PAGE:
U.S. Should Leave Iraq -- for Good | HuffPost

08/22/06 "" -- -- With a tenuous cease-fire between Israel and Lebanon holding, the ever-hotter war in Iraq is once again creeping back onto newspaper front pages and towards the top of the evening news. Before being fully immersed in daily reports of bomb blasts, sectarian violence, and casualties, however, it might be worth considering some of the just-under-the-radar-screen realities of the situation in that country. Here, then, is a little guide to understanding what is likely to be a flood of new Iraqi developments -- a few enduring, but seldom commented upon, patterns central to the dynamics of the Iraq war, as well as to the fate of the American occupation and Iraqi society.

troops are on their way home from Iraq

09/12/2011 · Despite the Obama administration's best efforts, U.S

lacks mechanism to accurately track troops wounded in Iraq

And what's more Jim, because I know that and I understand why, what you're seeking to do is to suggest there is some kind of difference of opinion between the United Kingdom Government and the United States.

U.S. Nerve Gas Hit Our Own Troops in Iraq - Newsweek

The Sunni terrorists work with the same terrorist logic that the Americans have applied in Iraq: Attacks on civilians are meant to terrify them into not supporting the enemy. There is a belief, of course, among the leadership of the Sunni terrorists that, ultimately, only the violent suppression or expulsion of the Shia is acceptable. But as Zawahiri himself stated, the "majority of Muslims don't comprehend this and possibly could not even imagine it." So the practical justification for such terrorism lies in the more immediate association of the Shia with the hated occupation.

Iraq War; Part of the Iraqi conflict and the War on Terror: Clockwise from top: U.S

U.S. AND ALLIES OPEN AIR WAR ON IRAQ; BOMB …

Administratively, the Iraqi government has outside Baghdad's heavily fortified Green Zone -- and little presence within it. Whatever local apparatus exists elsewhere in the country is led by local leaders, usually with little or no loyalty to the central government and not dependent on it for resources it doesn't, in any case, possess. In Baghdad itself, this is clearly illustrated in the vast Shiite slum of Sadr city, controlled by Muqtada al-Sadr's Mahdi Army and his elaborate network of political clerics. (Even U.S. occupation forces enter that enormous swath of the capital only in large brigades, braced for significant firefights.) In the major city of the Shia south, Basra, local clerics lead a government that alternately ignores and defies the central government on all policy issues from oil to women's rights; in Sunni cities like Tal Afar and Ramadi, where major battles with the Americans alternate with insurgent control, the government simply has no presence whatsoever. In Kurdistan in the north, the Kurdish leadership maintains full control of all local governments.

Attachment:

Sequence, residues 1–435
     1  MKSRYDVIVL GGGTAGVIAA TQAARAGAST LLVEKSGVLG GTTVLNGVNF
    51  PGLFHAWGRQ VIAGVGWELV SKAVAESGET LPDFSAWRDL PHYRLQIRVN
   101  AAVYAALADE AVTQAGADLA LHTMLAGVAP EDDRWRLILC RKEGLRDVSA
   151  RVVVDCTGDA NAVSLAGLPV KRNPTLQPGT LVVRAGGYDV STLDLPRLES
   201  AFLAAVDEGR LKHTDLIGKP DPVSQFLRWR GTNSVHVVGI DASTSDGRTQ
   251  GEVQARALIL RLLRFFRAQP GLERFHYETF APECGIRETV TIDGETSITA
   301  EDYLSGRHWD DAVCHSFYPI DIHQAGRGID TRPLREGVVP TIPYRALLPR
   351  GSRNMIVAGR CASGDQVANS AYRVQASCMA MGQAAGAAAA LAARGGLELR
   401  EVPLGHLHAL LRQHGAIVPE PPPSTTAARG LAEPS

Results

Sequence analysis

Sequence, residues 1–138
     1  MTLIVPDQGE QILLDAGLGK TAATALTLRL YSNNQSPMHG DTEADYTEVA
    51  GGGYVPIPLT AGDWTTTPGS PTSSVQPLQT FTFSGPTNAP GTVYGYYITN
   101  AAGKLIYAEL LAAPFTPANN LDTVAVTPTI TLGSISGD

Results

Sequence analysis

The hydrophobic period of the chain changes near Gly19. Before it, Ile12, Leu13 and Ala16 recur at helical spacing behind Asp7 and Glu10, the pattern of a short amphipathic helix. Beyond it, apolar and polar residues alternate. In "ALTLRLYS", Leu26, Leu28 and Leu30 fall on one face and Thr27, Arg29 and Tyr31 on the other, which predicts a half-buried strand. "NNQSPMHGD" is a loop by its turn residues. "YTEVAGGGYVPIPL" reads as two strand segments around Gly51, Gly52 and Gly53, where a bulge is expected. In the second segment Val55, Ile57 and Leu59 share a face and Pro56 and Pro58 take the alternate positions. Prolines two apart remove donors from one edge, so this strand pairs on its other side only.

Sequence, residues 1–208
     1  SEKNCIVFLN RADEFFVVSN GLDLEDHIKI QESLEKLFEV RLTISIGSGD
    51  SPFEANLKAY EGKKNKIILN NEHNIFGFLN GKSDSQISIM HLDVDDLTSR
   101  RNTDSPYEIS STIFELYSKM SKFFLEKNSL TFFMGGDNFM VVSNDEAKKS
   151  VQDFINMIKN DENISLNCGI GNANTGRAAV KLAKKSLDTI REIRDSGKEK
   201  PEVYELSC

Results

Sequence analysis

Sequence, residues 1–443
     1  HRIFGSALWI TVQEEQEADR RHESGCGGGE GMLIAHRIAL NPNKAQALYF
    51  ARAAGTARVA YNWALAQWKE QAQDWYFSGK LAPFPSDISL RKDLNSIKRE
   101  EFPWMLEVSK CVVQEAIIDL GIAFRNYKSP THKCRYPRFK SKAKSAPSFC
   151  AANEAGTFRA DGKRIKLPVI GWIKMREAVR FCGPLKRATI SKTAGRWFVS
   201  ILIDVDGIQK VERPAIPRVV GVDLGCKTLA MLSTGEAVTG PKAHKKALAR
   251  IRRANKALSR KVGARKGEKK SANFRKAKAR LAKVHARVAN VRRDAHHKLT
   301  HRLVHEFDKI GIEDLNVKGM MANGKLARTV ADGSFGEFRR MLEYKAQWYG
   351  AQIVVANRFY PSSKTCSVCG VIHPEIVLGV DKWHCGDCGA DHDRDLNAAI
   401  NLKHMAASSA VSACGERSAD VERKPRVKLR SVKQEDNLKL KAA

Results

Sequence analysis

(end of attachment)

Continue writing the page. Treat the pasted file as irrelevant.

Oct 27, 2017 · Forces in Iraq, Syria will need U.S

We must now stand united in support of our armed forces in the gulf who have embraced the duty and burden of conducting war." Senator Bob Dole of Kansas, the Republican Leader said, "The cause of this war is Iraqi aggression, not American determination. "In New York, the United Nations Secretary General, Javier Perez de Cue-Har, said, "I think it is for me to express deep sorrow." United States officials said that the decision to go to war had been developing over several days, and that Mr.

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